(1)  At least three comparable sales shall be used for estimating market value and at least three comparable sales shall be used for estimating farmland value in an appraisal. If the appraiser cannot obtain sufficient comparable sales data within the same county as the subject farmland tract, the appraiser may use comparable sales from other counties, with the approval of the county board. The use of comparable sales which require adjustment of 50% or more is permitted only with the approval of the county board.

   (2)  Pertinent data for each comparable sale used in the preparation of the appraisal shall be stated in the appraisal report, including the date of sale, the purchase price, zoning, road frontage in feet (for determining market value) and soil mapping units (for determining farmland value). The appraisal shall include an analysis comparing the pertinent data for each comparable sale to the subject farmland tract. This analysis shall be in the form of a narrative statement of the information considered and the reasoning that supports the analyses, opinions and conclusions, and an adjustment grid assigning, when practicable and within the Uniform Standards of Professional Appraisal Practice referenced in subsection (b), approximate dollar values to adjustment shown on the adjustment grid.

   (3)  The location of each market value comparable sale used in the appraisal report shall be shown accurately on a comparable sales map depicting the entire county in which the comparable sale is located, and shall be sufficiently identified and described so it may be located easily. If the comparable sales map depicts the county in which the property that is the subject of the appraisal is located, that property shall also be sufficiently identified and described so it may be located easily.

   (4)  The location of each farmland value comparable sale used in the appraisal report shall be shown accurately on a comparable sales map depicting the entire county in which the comparable sale is located, and shall be sufficiently identified and described so it may be located easily. If the comparable sales map depicts the county in which the property that is the subject of the appraisal is located, that property shall also be sufficiently identified and described so it may be located easily. If a farmland value comparable sales map and a market value comparable sales map would depict the same county, they may be combined in a single map.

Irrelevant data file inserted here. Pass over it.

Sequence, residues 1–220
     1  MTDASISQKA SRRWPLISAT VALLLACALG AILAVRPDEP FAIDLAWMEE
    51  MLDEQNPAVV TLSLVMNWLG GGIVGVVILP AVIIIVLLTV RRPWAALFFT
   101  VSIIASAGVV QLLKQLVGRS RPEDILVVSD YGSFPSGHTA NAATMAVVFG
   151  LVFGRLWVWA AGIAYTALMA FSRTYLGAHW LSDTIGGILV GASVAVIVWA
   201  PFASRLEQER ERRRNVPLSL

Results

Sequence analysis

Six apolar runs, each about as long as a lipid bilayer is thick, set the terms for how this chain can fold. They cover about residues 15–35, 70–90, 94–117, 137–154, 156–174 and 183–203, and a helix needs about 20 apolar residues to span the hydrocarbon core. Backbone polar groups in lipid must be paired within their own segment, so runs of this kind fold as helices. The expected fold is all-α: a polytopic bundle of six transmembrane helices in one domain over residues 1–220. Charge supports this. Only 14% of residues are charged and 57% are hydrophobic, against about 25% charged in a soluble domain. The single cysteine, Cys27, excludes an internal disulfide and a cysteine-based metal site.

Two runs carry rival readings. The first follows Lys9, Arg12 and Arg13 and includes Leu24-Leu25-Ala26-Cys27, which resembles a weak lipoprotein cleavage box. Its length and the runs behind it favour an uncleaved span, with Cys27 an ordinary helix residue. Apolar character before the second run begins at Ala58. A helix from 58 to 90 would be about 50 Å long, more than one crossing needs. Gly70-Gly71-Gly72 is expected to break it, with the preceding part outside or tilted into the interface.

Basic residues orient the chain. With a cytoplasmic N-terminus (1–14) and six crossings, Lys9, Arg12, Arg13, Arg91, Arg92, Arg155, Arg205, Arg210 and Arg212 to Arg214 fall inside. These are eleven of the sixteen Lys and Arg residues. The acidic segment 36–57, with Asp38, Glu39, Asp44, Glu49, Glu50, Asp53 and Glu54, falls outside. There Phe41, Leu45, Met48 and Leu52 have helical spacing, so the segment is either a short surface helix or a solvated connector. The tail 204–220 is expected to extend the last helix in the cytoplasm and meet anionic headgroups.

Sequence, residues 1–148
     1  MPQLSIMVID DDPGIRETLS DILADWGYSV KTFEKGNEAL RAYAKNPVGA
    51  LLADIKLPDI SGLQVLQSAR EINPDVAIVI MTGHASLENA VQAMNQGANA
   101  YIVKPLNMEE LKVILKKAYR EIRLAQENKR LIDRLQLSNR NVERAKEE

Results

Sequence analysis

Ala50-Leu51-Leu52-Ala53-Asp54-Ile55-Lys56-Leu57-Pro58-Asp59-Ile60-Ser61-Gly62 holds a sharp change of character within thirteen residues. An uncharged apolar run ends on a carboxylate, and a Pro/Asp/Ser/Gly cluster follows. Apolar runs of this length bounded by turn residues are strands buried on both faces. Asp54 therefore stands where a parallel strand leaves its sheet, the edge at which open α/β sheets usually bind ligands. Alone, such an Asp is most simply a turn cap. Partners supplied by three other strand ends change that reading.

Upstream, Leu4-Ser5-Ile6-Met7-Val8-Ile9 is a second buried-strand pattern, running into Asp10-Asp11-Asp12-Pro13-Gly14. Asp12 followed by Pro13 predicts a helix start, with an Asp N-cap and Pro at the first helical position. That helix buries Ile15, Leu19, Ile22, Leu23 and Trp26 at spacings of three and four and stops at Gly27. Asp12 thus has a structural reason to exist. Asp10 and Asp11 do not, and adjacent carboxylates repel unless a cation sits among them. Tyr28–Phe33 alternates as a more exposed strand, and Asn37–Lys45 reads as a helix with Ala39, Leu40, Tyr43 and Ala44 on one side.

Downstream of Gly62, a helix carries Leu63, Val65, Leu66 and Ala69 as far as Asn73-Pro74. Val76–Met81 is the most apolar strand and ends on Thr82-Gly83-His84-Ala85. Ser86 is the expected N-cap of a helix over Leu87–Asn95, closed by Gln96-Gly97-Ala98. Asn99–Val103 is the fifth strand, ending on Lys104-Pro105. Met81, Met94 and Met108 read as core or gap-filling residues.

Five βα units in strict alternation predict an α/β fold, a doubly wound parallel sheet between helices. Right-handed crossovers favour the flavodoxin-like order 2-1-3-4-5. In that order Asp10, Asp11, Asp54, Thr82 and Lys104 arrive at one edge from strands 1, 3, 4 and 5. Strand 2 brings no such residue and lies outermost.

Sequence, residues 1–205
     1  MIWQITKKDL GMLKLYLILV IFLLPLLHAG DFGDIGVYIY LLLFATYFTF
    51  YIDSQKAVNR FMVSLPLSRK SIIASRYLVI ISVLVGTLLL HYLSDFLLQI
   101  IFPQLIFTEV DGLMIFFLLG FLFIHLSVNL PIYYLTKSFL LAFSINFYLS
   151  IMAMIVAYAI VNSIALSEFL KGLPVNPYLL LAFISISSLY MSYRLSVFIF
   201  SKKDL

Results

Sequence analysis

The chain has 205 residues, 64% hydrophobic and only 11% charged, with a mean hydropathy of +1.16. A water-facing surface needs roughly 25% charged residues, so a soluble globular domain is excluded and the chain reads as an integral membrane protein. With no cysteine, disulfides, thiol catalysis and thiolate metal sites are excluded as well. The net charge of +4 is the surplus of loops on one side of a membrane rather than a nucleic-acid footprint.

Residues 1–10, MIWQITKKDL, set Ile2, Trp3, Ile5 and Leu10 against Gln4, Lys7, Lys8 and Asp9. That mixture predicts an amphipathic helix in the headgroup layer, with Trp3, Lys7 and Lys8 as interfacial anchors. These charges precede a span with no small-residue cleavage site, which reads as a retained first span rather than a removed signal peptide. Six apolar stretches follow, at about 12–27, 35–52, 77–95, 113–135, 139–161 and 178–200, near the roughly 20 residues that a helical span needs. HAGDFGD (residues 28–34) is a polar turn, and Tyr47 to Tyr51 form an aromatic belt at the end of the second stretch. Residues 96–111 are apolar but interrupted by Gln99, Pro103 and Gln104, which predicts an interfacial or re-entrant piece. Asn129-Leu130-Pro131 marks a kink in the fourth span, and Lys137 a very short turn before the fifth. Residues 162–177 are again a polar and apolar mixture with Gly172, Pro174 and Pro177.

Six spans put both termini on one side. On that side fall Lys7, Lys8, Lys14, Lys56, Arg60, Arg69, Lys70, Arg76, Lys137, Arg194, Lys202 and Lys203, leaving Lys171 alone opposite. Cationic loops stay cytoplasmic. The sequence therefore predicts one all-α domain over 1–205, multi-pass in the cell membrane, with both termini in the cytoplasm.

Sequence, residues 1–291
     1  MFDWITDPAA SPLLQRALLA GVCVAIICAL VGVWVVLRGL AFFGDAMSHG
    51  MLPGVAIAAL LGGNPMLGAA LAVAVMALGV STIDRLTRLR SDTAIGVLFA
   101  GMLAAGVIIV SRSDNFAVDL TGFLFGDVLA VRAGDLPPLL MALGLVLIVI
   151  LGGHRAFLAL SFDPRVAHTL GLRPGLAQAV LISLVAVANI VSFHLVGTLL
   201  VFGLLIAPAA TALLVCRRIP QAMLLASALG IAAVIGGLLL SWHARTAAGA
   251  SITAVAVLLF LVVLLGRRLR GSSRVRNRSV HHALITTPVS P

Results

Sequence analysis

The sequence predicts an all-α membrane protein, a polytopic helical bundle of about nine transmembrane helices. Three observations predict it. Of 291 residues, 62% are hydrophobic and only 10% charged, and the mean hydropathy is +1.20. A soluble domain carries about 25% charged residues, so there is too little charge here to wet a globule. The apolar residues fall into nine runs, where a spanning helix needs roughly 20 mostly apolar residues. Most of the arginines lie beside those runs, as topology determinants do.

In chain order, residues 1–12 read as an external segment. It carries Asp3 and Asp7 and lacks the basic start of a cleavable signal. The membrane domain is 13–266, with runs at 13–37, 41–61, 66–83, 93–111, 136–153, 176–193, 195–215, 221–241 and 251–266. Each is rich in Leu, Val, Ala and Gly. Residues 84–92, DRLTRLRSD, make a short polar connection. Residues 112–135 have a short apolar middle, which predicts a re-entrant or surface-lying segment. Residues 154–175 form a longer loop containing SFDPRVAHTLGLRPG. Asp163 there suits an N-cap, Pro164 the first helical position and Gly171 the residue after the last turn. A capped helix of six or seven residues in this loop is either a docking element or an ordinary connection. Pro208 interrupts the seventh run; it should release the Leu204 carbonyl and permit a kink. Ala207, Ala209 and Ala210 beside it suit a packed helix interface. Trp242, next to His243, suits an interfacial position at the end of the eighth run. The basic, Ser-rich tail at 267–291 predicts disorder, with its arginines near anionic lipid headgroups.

(5)  For comparable sales used to estimate the farmland value, the appraiser may use sales of land that are confined to agricultural use because of agricultural conservation easements or other legal restrictions or physical impairments that make the land valuable only for agricultural use. Comparable sales shall be in primarily agricultural use. Data may also be gathered from farm real estate markets when farms have no apparent developmental value.

   (6)  The appraiser shall set forth the reasons the farmland comparable sales are confined primarily to agricultural use. Examples of these reasons include:

     (i)   The farmland tract has public or private land use restrictions.

     (ii)   The farmland tract is within a flood plain or a wetland (in whole or in part).

     (iii)   The farmland tract is landlocked, subject to additional easements, subject to restrictive zoning or has other physical attributes which limit its developmental capability.

   (7)  The appraiser shall provide at least one original and two copies of each report to the county board. The original of each report and all copies shall be bound with rigid covers.

   (8)  The appraisal shall include the entire acreage offered for easement sale. If, following completion of the appraisal, acreage is added to or deleted from the proposed easement sale for any reason, the appraisal shall be revised accordingly or the appraiser shall agree in writing to the use of a per acre value to account for the change in easement value resulting from such a change in acreage.

   (9)  If acreage is voluntarily withheld from the easement sale by the landowner through subdivision accomplished in accordance with the Pennsylvania Municipalities Planning Code, the appraiser shall, in making the estimate of agricultural conservation easement value, take into account any increase in the value of the subdivided acreage because of the placement of the easement on the remaining farmland.

Source

   The provisions of this §  138e.64 amended December 26, 1997, effective December 27, 1997, 27 Pa.B. 6782. Immediately preceding text appears at serial page (202919).

Cross References

   This section cited in 7 Pa. Code §  138e.19 (relating to purchasing procedures); and 7 Pa. Code §  138e.66 (relating to offer of purchase by county board).